Christo gets asked why he chooses to create art that is temporary. Islands covered with special fabrics are returned to their original state. The Pont Neuf, the oldest bridge in Paris, reverts to its undraped look. Christo smiled and acquiesced to the remark of his wife years ago: “His art lives. It lasts forever.”

Christo makes such an impact on his viewing public through his art so that the image of what they have seen remains imbedded in their minds long after traces have been removed.

At the same time, said Christo, the vulnerable character of his art is an essential part of his creative perception. The temporary existence of his works calls for them to be seen. Like a nomadic tribe which builds a village overnight and then pulls out just as quickly in a desert, Christo goes about his creative pursuits that are unique, sublime experiences.

“The Gates,” his project for New York’s Central Park, featured 11,000 saffron fabrics hanging from horizontal steel bars and flapping along 26 miles of park walkways in the autumn of 2005. New Yorkers experienced “The Gates” – art that was two decades in the making and involving 7,500 frames or structures in all – for 14 days.

Christo also pointed out that he has no recipe on art creation to share with the public. The reason that moves him to channel his creative energy into a project is “purely autobiographical.” Back in 1962, he found a way to block off Rue Visconti in Paris and called it “Iron Curtain – Wall of Oil Barrels.”

Christo is also particular about experimenting only with what has not been tried. After wrapping Pont Neuf in Paris, he has refused to wrap another bridge. Each project, finished or unfinished, must remain unique, according to him.

He also raised another point: his art can neither be bought nor commercialized. Each project is not just a painting or a sculpture. Christo also never accepted sponsors for his art projects. In short, he paid for his ideas’ implementation out of his own pocket. The plans and drawings were what he sold to collectors, notably banks and museums, to finance his art creation.

The monumental scale of this artist’s works makes him stand in a class all by himself. As he engages himself in a project, he is full of expectations. So are people whose lives he touches.

When Christo did “Running Fence” on private properties of 59 ranchers in an area north of San Francisco, California, he spent 11 months convincing the people concerned to allow him to make 165,000 yards of heavy woven white nylon fabric spread out across their lands.

A New York Times journalist one day asked one of the ranchers if he understood what “Running Fence” was all about. The fellow pointed to a painting of a sunset out on a bay on the wall and remarked: “Here everything is make-believe.” He next looked out his window and said: “Outside are the wind, the fence and real life.”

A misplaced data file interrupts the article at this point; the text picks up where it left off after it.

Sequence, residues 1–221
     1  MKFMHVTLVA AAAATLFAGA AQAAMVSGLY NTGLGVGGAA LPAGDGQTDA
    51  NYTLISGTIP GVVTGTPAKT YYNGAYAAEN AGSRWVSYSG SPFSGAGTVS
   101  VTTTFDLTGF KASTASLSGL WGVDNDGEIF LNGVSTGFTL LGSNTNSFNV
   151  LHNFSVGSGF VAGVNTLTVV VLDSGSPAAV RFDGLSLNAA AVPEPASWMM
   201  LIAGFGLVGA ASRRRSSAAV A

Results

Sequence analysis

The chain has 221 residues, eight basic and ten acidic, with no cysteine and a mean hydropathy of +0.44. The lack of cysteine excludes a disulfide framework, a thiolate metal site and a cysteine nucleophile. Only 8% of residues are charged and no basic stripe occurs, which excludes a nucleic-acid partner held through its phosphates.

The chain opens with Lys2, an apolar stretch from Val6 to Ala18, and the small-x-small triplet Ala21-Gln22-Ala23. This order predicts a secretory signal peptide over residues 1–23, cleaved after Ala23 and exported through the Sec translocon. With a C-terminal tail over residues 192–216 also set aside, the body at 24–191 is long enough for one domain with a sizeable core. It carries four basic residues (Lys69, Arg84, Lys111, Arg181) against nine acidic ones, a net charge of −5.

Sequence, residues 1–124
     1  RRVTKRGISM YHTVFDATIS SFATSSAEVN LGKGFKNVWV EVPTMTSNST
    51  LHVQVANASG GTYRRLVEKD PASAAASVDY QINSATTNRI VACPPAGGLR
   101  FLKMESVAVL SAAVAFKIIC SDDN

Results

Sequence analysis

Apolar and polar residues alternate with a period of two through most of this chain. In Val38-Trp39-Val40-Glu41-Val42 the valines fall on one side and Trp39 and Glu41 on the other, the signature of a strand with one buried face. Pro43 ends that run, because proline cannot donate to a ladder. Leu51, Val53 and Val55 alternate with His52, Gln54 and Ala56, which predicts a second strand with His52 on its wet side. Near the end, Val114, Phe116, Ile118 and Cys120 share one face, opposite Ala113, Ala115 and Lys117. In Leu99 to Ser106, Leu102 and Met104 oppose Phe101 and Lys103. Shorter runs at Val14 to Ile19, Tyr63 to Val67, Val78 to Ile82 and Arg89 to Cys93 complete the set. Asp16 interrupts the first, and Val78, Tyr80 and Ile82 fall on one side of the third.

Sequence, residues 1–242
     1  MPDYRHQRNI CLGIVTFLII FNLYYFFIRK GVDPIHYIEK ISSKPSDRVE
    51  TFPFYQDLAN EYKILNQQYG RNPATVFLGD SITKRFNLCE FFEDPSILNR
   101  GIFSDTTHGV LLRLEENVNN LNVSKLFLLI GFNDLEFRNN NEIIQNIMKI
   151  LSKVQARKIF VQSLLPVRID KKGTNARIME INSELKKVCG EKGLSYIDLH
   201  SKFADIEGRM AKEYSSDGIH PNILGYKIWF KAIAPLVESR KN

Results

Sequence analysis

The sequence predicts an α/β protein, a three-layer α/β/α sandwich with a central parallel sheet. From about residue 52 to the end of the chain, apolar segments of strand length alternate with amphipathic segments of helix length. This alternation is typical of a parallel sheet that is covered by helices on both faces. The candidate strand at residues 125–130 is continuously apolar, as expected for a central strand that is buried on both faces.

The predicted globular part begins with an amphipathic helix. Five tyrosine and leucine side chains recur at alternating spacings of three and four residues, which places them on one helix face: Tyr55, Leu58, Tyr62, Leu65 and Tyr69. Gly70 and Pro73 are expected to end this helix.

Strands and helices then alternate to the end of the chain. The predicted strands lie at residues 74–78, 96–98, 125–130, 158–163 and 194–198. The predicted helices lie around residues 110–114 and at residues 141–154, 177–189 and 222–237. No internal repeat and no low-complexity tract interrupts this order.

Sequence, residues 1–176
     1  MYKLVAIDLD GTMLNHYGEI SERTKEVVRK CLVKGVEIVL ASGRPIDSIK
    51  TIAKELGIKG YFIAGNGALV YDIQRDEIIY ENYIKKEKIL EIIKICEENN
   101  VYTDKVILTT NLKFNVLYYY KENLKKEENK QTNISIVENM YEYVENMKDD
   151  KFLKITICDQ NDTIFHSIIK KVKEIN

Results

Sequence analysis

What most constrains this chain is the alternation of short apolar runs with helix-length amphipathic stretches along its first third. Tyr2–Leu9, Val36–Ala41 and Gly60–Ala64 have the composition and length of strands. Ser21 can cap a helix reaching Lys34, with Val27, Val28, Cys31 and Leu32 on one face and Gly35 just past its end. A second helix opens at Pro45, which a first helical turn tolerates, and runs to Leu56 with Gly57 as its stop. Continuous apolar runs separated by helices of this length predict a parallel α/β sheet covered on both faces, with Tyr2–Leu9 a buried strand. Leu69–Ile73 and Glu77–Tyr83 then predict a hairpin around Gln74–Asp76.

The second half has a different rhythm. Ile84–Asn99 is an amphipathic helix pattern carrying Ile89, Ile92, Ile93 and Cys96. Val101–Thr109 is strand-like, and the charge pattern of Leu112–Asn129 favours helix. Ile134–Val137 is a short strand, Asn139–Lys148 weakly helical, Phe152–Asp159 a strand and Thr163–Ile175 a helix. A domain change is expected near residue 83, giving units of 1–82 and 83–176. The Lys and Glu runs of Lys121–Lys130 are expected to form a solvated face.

Those who have had the privilege to see his retrospective exhibition are more likely to understand that Christo is not going to just wrap a most readily recognized landmark upon his arrival in a city in any part of the world. He as an artist takes his time to realize an ambitious design and project.

The artist born Christo Javacheff began his career by wrapping smaller packages. He wrapped trees, a car and even a woman before tackling monumental projects like buildings, coastline and even islands. “The Umbrellas” was something else. He attempted to investigate the different behaviors of people under the umbrellas in Ibaraki Prefecture, Japan, and in Kern Counties, California, the United States.

Exciting ideas just keep flowing out of Christo’s mind. He gets all wrapped up in his creative thoughts until exhibition time before a watching world. The results are each time visually startling and unforgettable.

Thursday, October 20, 2011

Crazy Horse de Paris founder Alain Bernardin for years sold dream that fired men’s imagination

By Nancy T. Lu

Feminists during the heyday of Alain Bernardin were bound to protest his treatment of women but the Frenchman managed for years to round up some of the most attractive women of different nationalities to dance professionally every night in his highly erotic revue at the famous Crazy Horse in Paris.

Three of the 24 Paris-based regular Crazy Horse dancers visited Taipei once with Bernardin – Akky Masterpiece, Cynthia Sainte-Rose and Glory Coloratura. Bernardin compared them to “bĂȘtes sauvages” (wild animals). “We try to tame them,” he said.